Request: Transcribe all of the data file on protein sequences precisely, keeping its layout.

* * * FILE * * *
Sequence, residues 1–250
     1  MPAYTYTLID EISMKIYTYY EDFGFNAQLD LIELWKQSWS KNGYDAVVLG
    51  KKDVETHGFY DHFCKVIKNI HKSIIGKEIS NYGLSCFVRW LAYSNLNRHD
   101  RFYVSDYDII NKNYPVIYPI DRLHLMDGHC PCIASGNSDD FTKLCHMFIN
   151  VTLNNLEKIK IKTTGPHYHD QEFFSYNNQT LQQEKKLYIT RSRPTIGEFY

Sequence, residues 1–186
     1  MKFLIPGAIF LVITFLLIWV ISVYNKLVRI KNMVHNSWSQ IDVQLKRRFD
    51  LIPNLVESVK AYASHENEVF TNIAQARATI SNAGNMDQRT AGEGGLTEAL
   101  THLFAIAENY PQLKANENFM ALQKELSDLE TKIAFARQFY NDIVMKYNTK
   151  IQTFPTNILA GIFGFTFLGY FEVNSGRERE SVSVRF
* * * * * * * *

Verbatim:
Sequence, residues 1–250
     1  MPAYTYTLID EISMKIYTYY EDFGFNAQLD LIELWKQSWS KNGYDAVVLG
    51  KKDVETHGFY DHFCKVIKNI HKSIIGKEIS NYGLSCFVRW LAYSNLNRHD
   101  RFYVSDYDII NKNYPVIYPI DRLHLMDGHC PCIASGNSDD FTKLCHMFIN
   151  VTLNNLEKIK IKTTGPHYHD QEFFSYNNQT LQQEKKLYIT RSRPTIGEFY

Sequence, residues 1–186
     1  MKFLIPGAIF LVITFLLIWV ISVYNKLVRI KNMVHNSWSQ IDVQLKRRFD
    51  LIPNLVESVK AYASHENEVF TNIAQARATI SNAGNMDQRT AGEGGLTEAL
   101  THLFAIAENY PQLKANENFM ALQKELSDLE TKIAFARQFY NDIVMKYNTK
   151  IQTFPTNILA GIFGFTFLGY FEVNSGRERE SVSVRF